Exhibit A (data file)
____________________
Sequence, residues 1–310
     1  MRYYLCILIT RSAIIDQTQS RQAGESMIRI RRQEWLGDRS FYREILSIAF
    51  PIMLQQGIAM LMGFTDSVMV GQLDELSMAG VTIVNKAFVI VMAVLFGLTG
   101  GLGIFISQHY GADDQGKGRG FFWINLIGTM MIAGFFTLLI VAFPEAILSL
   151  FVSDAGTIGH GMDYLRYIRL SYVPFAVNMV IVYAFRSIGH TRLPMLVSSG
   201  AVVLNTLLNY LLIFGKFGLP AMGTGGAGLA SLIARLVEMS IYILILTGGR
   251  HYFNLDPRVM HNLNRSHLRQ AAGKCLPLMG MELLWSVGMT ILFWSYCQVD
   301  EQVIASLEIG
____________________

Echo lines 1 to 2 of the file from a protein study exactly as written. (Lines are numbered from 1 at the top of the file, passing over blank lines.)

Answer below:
Sequence, residues 1–310
     1  MRYYLCILIT RSAIIDQTQS RQAGESMIRI RRQEWLGDRS FYREILSIAF